|Organisation:||Black and Red Press|
|Authors:||Philippe Daufouy, Serge Van der Straeten|
|Discuss:||Comments on this document|
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This is an unusual addition to the Archive, a pamphlet from the anarchist tending Black and Red Press in Detroit.
It is a reprint of an article, written by Serge Van der Straeten and Philippe Daufouy and translated by Rut Nybakken and Lorraine Perlman, which appeared as ‘La Contre-revolution Irlandaise’ in Les Temps Modernes in 1972.
The document starts with a quote from Henry Joy McCracken ‘The rich always betray the poor’. It takes an interesting line on the situation in Ireland, North and South, providing an history and overview that ranges back to the 18th century. It has a fairly sharp tone, consider this footnote on page 11.
The prospect of a socialism built by workers and small farmers seems to have held little attraction for Marx. His hatred for the manure pile, the henhouse, the yokel, would have put him in a good position to analyze the history of the Irish Republic and to accurately evaluate the Irish Left.
For a flavour of the analysis consider the following, taken from pp.38 and 39.
The geographic location of the Catholic ghettos, particularly in Belfast, favoured the military intervention of the Provisionals, who implemented themselves in view of the permanent threat which hung over these districts. The I.R.A. Claimed to be a useful weapon of self-defense against the constant terror in which the Catholic population lived. But along with the Protestant paramilitary organizations supported by the Orange Order, the I.R.A.’s attacks are the cause of the veiled civil war and consequently, of the terror. The forms of popular organization which arose during this nationalist phase of the conflict (popular tribunals, health clinics, ‘national’ and public meetings, workers’ productive co-operatives, etc) which some people want to see as proletarian forms of organization, are only direct consequences of the civil war.
This leads to the following provocative conclusion:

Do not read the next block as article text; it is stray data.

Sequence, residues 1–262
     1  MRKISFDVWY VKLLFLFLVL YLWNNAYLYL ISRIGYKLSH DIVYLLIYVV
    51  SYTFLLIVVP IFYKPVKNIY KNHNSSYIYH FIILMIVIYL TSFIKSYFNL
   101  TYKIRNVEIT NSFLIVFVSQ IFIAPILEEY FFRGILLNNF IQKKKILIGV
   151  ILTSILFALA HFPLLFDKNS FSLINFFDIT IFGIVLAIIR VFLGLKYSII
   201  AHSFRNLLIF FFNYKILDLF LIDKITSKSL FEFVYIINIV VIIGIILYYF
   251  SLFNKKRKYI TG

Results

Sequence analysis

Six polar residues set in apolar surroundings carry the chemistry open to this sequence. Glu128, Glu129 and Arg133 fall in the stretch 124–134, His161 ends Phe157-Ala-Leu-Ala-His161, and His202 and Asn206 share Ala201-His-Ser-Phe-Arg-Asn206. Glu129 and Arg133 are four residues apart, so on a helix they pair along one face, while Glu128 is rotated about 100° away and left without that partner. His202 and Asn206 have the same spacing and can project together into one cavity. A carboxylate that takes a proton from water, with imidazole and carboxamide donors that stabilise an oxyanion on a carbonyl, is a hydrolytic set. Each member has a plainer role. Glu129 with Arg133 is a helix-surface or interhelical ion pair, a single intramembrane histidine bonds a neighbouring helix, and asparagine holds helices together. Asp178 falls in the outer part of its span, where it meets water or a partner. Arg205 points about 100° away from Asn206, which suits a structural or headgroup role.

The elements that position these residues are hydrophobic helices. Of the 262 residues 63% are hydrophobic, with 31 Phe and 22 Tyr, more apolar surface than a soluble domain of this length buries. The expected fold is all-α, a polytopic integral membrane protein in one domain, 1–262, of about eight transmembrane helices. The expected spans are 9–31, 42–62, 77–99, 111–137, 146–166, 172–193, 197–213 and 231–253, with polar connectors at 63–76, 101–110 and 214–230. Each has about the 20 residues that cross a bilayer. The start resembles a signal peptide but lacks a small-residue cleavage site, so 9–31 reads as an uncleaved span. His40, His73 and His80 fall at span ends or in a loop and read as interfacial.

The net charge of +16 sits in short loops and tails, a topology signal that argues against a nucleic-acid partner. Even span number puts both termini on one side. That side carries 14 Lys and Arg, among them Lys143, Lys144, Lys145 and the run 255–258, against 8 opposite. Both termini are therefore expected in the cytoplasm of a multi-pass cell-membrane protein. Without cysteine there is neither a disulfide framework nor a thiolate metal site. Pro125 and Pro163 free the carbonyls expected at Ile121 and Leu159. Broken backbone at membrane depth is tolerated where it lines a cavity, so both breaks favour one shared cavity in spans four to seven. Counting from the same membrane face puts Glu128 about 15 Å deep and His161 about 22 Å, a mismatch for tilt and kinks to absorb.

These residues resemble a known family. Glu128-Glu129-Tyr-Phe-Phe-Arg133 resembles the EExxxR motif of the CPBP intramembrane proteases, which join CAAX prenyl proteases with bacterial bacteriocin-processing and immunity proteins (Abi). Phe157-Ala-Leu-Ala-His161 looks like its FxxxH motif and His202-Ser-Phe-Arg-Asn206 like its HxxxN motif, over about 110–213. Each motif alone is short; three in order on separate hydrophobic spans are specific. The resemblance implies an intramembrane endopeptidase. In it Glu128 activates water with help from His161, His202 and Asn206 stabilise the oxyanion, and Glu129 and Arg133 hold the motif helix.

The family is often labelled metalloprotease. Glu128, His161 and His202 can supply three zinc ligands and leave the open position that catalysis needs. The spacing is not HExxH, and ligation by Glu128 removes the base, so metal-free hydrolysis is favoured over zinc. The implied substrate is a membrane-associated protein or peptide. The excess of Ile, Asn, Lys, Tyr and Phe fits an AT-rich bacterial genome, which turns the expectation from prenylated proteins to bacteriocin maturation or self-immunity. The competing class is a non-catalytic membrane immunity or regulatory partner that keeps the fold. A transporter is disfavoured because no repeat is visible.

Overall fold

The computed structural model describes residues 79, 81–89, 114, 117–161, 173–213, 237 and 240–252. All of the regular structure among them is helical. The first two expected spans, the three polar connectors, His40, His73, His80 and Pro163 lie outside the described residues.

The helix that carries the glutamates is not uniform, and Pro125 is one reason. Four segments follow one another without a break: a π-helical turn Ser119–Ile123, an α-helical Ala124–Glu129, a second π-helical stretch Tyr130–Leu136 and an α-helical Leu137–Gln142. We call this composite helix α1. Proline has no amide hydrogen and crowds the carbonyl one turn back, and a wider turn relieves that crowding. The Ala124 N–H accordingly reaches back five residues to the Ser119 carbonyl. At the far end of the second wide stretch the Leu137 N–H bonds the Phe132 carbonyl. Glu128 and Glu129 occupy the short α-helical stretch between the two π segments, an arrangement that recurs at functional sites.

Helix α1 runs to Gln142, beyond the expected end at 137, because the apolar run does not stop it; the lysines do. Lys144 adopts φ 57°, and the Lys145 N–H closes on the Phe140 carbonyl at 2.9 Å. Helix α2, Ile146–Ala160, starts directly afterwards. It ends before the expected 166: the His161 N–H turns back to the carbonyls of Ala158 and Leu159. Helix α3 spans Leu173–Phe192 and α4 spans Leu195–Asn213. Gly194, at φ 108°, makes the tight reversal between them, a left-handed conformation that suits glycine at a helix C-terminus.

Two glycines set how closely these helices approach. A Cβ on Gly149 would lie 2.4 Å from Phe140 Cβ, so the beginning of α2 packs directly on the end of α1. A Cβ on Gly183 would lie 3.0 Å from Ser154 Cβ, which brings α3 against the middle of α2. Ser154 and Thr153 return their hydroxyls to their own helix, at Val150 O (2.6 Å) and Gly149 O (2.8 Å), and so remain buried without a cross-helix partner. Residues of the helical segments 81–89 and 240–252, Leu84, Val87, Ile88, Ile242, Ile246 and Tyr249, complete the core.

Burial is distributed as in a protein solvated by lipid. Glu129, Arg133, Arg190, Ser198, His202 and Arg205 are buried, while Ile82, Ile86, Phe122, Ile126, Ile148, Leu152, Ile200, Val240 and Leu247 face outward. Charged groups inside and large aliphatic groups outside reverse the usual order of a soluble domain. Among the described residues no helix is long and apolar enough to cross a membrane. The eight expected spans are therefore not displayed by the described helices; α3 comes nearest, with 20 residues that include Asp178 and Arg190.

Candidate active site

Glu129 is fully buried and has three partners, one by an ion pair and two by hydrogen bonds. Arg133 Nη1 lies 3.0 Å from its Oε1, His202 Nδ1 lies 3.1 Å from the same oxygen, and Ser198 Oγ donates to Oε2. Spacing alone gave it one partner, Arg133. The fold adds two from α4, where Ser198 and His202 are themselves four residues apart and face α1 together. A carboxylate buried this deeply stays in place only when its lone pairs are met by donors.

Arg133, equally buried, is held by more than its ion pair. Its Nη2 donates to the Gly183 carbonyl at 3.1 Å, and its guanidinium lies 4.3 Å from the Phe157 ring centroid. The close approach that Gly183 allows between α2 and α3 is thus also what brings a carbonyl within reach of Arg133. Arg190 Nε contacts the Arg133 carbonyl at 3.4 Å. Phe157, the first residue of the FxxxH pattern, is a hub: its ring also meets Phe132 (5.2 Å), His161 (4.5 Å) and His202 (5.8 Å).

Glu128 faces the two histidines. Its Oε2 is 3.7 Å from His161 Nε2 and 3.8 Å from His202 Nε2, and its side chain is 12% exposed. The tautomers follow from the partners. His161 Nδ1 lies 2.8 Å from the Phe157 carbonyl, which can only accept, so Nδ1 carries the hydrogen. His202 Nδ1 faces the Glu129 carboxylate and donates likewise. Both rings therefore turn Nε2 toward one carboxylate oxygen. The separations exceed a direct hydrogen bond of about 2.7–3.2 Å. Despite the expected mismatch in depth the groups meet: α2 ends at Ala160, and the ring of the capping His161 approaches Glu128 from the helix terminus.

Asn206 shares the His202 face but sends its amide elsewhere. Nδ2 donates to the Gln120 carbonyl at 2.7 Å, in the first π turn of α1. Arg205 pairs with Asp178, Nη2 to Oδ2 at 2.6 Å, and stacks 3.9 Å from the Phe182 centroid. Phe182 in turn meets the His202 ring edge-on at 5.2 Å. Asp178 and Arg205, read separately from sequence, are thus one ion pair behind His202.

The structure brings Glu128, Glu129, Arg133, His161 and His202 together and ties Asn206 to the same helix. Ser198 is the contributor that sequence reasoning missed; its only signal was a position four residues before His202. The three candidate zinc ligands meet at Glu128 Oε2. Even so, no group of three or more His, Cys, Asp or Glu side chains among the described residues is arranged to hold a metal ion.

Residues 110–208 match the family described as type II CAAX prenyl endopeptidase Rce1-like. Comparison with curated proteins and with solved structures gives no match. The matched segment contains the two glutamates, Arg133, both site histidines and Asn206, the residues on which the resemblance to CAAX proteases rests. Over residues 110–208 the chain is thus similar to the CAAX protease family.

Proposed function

They are no more proletarian than the French ‘popular tribunals’ set up after the Liberation, which set out energetically to liquidate the revolutionary elements and to shave women’s heads in the public square. Due to its military weakness, the I.R.A. Is incapable of winning the war against the Protestants and British Army and is reduced to proposing constitutional solutions of compromise. Whether they favor a federalist solution which includes four provincial parliaments, or a centralized solution (a ‘republic of workers and small farmers’), both wings of the I.R.A. Offer the worst solution for the Irish proletariat: namely, an alliance with the least progressive classes around a populist economic program. In practice, this solution can only mean fascism, conceived as a military dictatorship with the mobilization of workers into unions.
However, this is merely a diversion in respect of the ultimate proposals that the document makes.
Along the way there are harsh words for a range of familiar formations including, but not limited to, People’s Democracy and the Irish Communist Organisation.
It’s also worth looking at the Black and Red Press itself which was founded in 1968 and in particular Fredy Perlman.
After scanning this it came to our attention that the text is available here on libcom.org . Those of us involved in the Archive believe that posting the full original documents gives a better sense of them as political artifacts positioned within a specific place and time as well as providing a one stop easily accessible repository for these materials.